- We shine a global spotlight on the breathtaking biodiversity in Sumatra’s last standing forests.
- We lobby the government and private companies to honour their commitments to environmental conservation
- We expose wildlife and forest crimes.
The Batang Toru megadam threatens the Tapanuli orangutan with extinction. SOS are working to support the cancellation of the dam and the protection of the entire Batang Toru ecosystem.Read More
Help us turn Oxford into a Sustainable Palm Oil City.
By harnessing the reach and buying power of the hospitality sector, we can support the protection of orangutans and their rainforest homes.Read more
Curated by renowned Street Artist Ernest Zacharevic, the Splash & Burn campaign is an innovative platform to raise global consciousness about Sumatra’s incredible forests, iconic wildlife and forest-dependent communities.Find out more
Following reports that the UK government is supporting a European trade deal with Indonesia, known as CEPA, which would boost the import of palm oil, leading UK organisations working towards the conservation of Indonesia’s rainforests and wildlife are calling on Michael Gove, Secretary of State for Environment, Food and Rural Affairs, to ensure that the UK will support the EU phasing out of palm oil biofuels, and retain this commitment post-Brexit.Read more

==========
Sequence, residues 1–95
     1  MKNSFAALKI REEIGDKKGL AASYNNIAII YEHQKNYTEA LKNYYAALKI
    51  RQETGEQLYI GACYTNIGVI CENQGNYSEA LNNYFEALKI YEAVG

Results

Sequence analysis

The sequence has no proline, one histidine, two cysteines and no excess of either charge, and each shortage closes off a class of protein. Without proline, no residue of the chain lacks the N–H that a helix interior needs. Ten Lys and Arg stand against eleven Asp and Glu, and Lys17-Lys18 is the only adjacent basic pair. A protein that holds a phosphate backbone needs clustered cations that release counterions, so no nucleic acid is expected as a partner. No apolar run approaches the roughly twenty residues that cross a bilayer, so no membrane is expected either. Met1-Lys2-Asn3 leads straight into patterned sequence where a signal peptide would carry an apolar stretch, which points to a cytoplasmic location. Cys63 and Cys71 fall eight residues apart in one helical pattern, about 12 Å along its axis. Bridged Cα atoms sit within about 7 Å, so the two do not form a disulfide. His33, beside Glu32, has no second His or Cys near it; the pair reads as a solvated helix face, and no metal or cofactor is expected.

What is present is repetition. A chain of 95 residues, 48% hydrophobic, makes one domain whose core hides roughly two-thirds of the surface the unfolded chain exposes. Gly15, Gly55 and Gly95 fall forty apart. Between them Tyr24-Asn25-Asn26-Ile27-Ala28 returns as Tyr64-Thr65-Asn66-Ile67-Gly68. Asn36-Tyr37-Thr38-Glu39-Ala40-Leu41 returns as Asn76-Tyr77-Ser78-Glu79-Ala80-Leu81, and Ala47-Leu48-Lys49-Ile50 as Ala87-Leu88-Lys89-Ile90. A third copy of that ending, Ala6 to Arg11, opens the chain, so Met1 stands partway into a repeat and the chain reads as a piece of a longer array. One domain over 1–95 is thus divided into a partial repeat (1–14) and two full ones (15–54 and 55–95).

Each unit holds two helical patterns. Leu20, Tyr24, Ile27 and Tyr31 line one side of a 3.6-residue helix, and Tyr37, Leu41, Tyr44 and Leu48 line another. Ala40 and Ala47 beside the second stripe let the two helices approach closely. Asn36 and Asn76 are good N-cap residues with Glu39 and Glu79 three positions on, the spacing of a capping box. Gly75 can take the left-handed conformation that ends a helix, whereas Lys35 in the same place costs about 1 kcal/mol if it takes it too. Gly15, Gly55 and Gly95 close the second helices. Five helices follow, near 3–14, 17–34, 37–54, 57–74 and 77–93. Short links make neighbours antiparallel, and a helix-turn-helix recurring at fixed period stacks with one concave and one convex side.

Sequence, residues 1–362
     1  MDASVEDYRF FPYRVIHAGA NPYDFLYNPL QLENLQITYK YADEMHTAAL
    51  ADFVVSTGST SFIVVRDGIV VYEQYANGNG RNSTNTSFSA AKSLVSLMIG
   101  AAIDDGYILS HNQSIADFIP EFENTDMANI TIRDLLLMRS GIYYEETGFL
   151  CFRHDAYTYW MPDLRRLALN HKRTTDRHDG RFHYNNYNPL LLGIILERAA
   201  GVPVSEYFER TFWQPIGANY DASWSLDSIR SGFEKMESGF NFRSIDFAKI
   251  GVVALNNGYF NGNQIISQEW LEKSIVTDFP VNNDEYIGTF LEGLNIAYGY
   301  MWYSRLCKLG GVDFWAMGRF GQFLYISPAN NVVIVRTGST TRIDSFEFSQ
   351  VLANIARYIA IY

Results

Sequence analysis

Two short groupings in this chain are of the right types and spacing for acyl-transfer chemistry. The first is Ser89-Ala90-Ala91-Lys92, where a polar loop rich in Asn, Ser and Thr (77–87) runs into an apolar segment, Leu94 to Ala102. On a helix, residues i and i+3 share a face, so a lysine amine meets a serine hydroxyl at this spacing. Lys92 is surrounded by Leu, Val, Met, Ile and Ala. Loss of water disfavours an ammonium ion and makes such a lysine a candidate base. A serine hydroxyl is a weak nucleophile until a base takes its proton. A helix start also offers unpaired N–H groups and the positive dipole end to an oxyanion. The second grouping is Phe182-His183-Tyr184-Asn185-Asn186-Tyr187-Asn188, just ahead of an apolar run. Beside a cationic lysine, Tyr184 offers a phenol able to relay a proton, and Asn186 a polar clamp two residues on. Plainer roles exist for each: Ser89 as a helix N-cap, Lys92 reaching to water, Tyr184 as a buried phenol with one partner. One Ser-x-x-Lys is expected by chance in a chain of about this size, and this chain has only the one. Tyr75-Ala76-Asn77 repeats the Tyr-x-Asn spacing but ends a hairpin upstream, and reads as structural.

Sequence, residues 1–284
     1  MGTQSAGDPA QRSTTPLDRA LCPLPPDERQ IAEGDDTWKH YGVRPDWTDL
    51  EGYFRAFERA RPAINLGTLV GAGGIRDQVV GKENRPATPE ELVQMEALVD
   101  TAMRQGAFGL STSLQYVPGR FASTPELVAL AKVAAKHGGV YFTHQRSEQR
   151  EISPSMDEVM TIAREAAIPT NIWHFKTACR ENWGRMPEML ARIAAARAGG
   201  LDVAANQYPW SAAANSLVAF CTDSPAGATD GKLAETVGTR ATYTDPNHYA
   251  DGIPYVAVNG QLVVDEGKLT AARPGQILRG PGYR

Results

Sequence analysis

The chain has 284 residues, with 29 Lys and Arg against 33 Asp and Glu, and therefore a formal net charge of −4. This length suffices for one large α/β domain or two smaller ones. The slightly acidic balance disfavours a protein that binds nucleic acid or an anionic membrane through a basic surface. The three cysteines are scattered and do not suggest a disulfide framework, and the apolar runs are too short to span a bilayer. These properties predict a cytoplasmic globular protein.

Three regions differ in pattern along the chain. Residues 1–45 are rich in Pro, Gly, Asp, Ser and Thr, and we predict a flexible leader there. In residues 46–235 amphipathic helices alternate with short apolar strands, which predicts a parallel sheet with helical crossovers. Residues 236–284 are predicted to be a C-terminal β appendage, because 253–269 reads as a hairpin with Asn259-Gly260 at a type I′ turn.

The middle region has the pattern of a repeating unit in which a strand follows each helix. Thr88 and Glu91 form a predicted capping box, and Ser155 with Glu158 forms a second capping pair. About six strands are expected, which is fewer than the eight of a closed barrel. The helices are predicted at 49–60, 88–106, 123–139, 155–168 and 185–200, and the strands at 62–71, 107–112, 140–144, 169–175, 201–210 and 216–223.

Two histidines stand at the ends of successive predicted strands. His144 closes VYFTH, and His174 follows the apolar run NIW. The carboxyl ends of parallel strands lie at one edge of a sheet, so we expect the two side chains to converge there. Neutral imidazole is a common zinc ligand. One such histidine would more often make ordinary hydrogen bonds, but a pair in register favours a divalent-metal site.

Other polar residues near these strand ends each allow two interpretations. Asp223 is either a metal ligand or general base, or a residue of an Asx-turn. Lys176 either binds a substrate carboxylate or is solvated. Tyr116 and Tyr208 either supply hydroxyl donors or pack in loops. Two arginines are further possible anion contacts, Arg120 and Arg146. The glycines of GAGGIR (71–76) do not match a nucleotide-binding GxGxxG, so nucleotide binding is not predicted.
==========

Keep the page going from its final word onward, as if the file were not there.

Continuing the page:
Following a four-year-long battle, we have succeeded in getting a palm oil company kicked out of a sustainability body for tearing down orangutan habitat. In 2012, seven orangutans were evacuated from an oil palm plantation managed by PT Sisirau in Aceh province, Sumatra. Read more
Previously hidden behind the term ‘vegetable oil’ on ingredients lists, palm oil is an ingredient found in up to half of packaged foods across Europe. The expansion of oil palm plantations in Sumatra has been one of the most significant drivers of deforestation. Our “Clear Labels, Not Forests” campaign resulted in a new EU regulation that specific vegetable oils must be labelled on food packaging. This will support increased demand for responsible palm oil, a crucial step in changing the practices of the industry.
At the start of 2016, a Sumatran orangutan named Pongky was finally granted the chance to return to the wild, after spending over ten years behind bars, first as a ‘pet’, and then in a zoo. We campaigned for more than two years for his freedom, and we are delighted that he will have the chance to return to the forest, where he belongs.